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As the question of how government designs and implements its tax policy remains as complex as ever, the Office of Tax Simplification begins a new review to consider what tax simplification means.
The Office of Tax Simplification has just announced a new review to consider what tax simplification means. The report has been commissioned by the Chancellor and the Financial Secretary to the Treasury (see bit.ly/3LZu3UT) following the publication of the Treasury’s five year review into the effectiveness of the OTS. The FST wrote:
‘The [five-year] review recommends that the OTS “undertake a project to articulate its approach to and interpretation of ‘tax simplification’, including clarifying its aims as an organisation, and the success measures for assessing its progress”. The Chancellor and I would like you to commence this work as a formal OTS review, focusing on conclusions that can inform how the OTS, and government, should prioritise simplification efforts over the next five years. I look forward to agreeing the detail of the terms of reference in the coming weeks, and to hearing your plans for own-initiative work over the coming months.’
The scoping note (see bit.ly/3LVtg7k) sets out the broad areas to be covered in the review. Simplification is not a policy choice in itself but considering how to design and implement a policy in the simplest way could help taxpayers to understand the policy, as well as potentially make better business and family choices taking account of tax generally. Simpler tax design and implementation can also make compliance easier and potentially cheaper, both for taxpayers and HMRC.
The OTS would be keen to hear from anyone with perspectives on tax simplification. Please send an email to email@example.com with comments, or to request a meeting.
Complex policy choices
The output of the work should set out some broad principles for government to consider when designing tax policy, and for HMRC in implementing tax policy. There will be times where a policy cannot be implemented in a particularly simple way though, and policy choices are always for the government to weigh.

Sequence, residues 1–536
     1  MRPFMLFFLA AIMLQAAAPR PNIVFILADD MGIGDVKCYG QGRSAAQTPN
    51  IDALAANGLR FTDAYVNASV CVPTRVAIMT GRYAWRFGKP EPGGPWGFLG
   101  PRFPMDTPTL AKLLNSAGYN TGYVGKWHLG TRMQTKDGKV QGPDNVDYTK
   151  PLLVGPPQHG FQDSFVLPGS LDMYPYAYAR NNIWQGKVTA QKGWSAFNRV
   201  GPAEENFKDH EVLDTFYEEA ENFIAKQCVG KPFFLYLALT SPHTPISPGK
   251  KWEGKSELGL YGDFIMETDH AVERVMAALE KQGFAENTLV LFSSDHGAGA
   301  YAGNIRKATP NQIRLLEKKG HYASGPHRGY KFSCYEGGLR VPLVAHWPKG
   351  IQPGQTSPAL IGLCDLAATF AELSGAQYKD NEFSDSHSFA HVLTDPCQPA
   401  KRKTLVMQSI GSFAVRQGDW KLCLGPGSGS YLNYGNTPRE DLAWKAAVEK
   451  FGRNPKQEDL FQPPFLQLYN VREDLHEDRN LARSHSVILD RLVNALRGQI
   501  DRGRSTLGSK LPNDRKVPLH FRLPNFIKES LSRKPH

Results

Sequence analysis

The high income child benefit charge (HICBC) is an example of a tax charge which is hard for HMRC to implement. No doubt Chancellor George Osborne was advised of this when the policy was devised – and the government of the day decided to go ahead partly because the policy raised over £1.5 billion annually and it decided that higher than average income households should no longer receive what had been a universal benefit. HMRC is now using data mining to advise individuals of a potential liability, but the recent OTS evaluation note on the HICBC gives examples of additional things that HMRC could do to make compliance easier.
Thresholds are an example of a policy which can bring simplicity – through removing some potential taxpayers from tax compliance – but which can also bring complexity as taxpayers get close to the threshold. The OTS work on the £85,000 VAT threshold highlights that over 1 million traders do not need to charge VAT and manage VAT compliance. However, the OTS also heard from traders who found it hard to expand, as expansion would require that they charge VAT on their services, which would put them at a competitive disadvantage to those operating below the threshold. The data shows that there is a large number of traders operating just below the VAT threshold.
Tax cases highlight potential complexity. The basic principle that law is enacted by parliament and administered by the tax authority, with disputes decided by the independent judiciary, is fundamental. Yet too many tax cases – as we see in the area of employment/self-employment – make it obvious that we have complicated law where taxpayers and HMRC cannot easily reach a common understanding. There is surely a good case for making changes to this area.
One important point for all of us to recognise is that there is limited capacity within government to make changes, even where it is broadly agreed that change would be sensible. Our tax policy making approach means that HMRC and HM Treasury would need to devise a specific policy change, potentially taking account of broader areas outside the remit of the OTS. They would then consult on the changes and draft legislation would also be consulted upon. It is thus important that the OTS highlights the relative importance of review recommendations, as not everything can be taken forward immediately.
It would also be helpful for this review to refresh OTS strategy for the next five years.
Finally, the review should consider metrics. Measuring taxpayer behaviour will take some time to show meaningful results, although looking at reduced HMRC contact and a reduction in the need for compliance interventions would be good signs of helpful simplification. It may be very hard to measure the nirvana of taxpayer understanding!